When comparing Parallels Desktop vs VMWare Workstation, the Slant community recommends VMWare Workstation for most people. In the question“What is the best Virtual Machine (VM) for developers?” VMWare Workstation is ranked 3rd while Parallels Desktop is ranked 5th. The most important reason people chose VMWare Workstation is:
Works with [Vagrant](http://www.vagrantup.com/), an awesome tool for managing and deploying virtual machine images.
Ranked in these QuestionsQuestion Ranking
Pro Best-in-class gaming performance
Compared to other VMs, Parallels has the best gaming performance. Still, a good framerate can only be achieved with games that have very low resource requirements. A much better option for resource intensive games is dual booting Windows (via Boot Camp).
Pro Easy to use
Parallels has an easy to learn and use UI. All important features are wizard based. It requires only a few clicks for the wizard to download and set up the latest Chrome OS, Windows or Linux build.
Pro Can run Windows apps as native OS X apps
Parallels has a "Coherence View" mode that allows running Windows applications as if they were native OS X apps. In this mode Windows is virtualized in background and Windows features like Jump Lists, Taskbar, Start Menu, etc can be embedded directly within OS X.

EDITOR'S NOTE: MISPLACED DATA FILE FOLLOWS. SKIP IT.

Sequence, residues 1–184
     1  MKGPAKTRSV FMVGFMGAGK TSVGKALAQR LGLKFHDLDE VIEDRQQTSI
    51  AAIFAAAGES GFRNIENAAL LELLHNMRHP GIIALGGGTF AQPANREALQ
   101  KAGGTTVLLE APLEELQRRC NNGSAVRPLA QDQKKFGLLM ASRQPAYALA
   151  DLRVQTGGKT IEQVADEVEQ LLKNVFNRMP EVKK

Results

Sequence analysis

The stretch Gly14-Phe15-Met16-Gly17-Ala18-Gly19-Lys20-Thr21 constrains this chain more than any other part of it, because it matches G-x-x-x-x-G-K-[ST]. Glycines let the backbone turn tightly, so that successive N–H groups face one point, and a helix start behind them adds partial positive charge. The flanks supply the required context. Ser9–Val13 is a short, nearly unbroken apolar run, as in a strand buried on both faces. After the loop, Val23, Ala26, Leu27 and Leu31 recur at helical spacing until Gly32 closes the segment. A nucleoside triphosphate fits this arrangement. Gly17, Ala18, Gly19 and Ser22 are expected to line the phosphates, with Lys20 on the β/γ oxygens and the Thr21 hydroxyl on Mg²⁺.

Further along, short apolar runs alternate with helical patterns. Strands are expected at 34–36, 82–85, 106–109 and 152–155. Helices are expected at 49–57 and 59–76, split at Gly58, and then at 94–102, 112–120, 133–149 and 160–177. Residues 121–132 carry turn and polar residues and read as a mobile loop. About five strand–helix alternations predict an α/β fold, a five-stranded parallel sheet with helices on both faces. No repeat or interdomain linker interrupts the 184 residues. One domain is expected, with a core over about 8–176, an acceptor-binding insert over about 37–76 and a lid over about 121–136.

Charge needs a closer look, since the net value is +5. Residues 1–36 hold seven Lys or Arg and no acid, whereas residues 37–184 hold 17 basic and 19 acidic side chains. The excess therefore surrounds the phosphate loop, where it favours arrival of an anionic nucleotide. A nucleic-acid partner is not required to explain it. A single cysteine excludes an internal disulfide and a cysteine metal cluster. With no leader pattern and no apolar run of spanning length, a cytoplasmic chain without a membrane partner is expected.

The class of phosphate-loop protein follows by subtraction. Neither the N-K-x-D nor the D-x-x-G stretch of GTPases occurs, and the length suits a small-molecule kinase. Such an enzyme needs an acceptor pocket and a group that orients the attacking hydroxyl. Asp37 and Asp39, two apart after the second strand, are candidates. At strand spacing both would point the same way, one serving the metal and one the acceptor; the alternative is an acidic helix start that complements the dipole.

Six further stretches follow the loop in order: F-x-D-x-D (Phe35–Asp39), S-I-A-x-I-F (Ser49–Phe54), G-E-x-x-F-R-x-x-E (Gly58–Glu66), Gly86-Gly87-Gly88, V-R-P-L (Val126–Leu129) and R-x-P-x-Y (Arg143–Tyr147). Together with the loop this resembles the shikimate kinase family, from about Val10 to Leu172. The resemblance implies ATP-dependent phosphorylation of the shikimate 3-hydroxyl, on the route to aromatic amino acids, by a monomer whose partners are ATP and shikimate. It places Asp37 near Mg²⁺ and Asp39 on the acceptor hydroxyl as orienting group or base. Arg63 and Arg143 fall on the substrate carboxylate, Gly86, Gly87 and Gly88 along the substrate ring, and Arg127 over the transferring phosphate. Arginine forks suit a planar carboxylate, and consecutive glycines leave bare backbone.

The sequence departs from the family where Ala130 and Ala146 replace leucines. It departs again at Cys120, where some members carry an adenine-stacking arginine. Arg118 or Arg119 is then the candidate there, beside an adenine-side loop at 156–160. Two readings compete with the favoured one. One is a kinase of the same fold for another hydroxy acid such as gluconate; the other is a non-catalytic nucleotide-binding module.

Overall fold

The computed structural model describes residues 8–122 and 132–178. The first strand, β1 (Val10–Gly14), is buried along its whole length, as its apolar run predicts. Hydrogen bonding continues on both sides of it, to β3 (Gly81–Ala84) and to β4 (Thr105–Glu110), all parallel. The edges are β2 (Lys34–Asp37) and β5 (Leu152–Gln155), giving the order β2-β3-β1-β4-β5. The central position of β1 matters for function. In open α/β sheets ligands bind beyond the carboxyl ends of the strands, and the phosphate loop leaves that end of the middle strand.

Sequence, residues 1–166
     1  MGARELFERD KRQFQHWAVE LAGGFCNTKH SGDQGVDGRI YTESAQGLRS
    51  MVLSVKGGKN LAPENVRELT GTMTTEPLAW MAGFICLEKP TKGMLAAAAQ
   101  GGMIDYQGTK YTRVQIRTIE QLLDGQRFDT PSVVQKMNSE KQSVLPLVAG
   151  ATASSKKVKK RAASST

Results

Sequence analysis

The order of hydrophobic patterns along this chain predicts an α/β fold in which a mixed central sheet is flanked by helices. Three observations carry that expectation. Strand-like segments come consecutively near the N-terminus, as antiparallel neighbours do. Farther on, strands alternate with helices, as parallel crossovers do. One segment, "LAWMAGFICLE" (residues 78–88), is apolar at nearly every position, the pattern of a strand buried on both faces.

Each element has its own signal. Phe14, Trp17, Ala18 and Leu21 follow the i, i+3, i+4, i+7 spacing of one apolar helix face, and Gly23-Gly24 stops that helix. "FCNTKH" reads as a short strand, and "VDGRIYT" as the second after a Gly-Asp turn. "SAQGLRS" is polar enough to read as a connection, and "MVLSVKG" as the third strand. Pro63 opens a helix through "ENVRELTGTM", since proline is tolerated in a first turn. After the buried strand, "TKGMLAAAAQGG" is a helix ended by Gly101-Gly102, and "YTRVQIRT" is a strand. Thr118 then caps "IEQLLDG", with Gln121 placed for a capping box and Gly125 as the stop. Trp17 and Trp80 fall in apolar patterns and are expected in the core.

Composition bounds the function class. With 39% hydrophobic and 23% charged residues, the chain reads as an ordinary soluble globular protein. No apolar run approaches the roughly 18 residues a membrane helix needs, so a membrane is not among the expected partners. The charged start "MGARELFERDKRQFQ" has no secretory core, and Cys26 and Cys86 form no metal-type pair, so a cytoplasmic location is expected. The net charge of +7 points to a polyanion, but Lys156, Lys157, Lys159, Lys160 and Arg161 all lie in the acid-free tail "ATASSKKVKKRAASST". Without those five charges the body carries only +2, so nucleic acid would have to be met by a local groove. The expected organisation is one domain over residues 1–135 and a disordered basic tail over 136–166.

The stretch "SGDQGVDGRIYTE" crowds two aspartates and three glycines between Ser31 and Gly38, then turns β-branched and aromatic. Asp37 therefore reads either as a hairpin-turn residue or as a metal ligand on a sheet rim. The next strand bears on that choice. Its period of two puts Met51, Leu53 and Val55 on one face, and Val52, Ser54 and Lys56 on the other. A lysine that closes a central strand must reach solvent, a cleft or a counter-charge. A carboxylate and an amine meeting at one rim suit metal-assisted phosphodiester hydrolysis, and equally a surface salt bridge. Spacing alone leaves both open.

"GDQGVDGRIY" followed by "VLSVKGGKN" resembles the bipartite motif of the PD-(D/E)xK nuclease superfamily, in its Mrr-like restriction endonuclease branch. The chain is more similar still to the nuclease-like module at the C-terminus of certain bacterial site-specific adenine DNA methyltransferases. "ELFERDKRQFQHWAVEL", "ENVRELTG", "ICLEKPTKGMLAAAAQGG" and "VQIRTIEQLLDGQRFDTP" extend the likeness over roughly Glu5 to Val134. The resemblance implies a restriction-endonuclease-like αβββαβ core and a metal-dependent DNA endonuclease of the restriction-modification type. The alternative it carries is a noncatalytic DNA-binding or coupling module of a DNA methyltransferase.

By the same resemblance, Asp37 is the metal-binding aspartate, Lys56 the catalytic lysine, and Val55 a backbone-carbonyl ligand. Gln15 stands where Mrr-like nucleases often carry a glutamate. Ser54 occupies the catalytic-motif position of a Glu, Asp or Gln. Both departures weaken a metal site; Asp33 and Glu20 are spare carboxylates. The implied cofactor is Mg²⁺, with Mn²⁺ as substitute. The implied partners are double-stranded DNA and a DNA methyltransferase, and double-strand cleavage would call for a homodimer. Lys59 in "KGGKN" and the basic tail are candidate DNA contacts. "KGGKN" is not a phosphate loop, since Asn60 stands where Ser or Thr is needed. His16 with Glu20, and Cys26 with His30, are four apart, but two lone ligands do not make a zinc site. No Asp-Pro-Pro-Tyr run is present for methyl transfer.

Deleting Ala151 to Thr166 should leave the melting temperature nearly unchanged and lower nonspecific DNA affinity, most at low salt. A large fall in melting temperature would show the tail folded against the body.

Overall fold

Pro Best integration ever
Pro Works with Vagrant
Works with Vagrant, an awesome tool for managing and deploying virtual machine images.
There is very little to no downtime of the Virtual desktops that are hosted in a datacenter.
Pro Can do snapshots
Workstation is capable of taking whole-system snapshots and writing them to a backing file.
Pro Windows / Linux host
Can be installed on Windows and Linux systems.
Con Very expensive
Parallels upgrades are very expensive. Even if I bough several versions of Parallels I will switch back to free VirtualBox as they even "invented" the Pro version - mainly doubled the price you have to pay each year to have the software updated.
Con Can't import OVA files
OVA files are useful because they include all of its supporting files. Unfortunately, Parallels doesn't support these useful files.
Con Requires buying a new version of the software with each new OS X release
Chances are that the same version of Parallels won't work with different OS X releases, requiring a separate purchase of Parallels for each OS X version.
Con Home edition doesn't work with Vagrant or Docker Machine
Make sure you purchase the Pro edition (the subscription) if you need command-line access to the hypervisor.
Con Can't export OVA files
One you use parallel you get trapped into a proprietary format.
Can't share disk blocks on two unrelated virtual machines (KSM for disk) too.
Con No snapshotting support in the free version
Con Pro version is overpriced
The pro version which has snapshot support is ridiculously overpriced. What's worse, major releases require a brand new license, but generally don't add much more functionality.
Con Horrible user interface
Too often you get "vm is used by another user" or "can't revert to snapshot" for whatever reasons without simple solutions. In most cases, it just throws knowledge base links to you. Not even clickable. Way overpriced.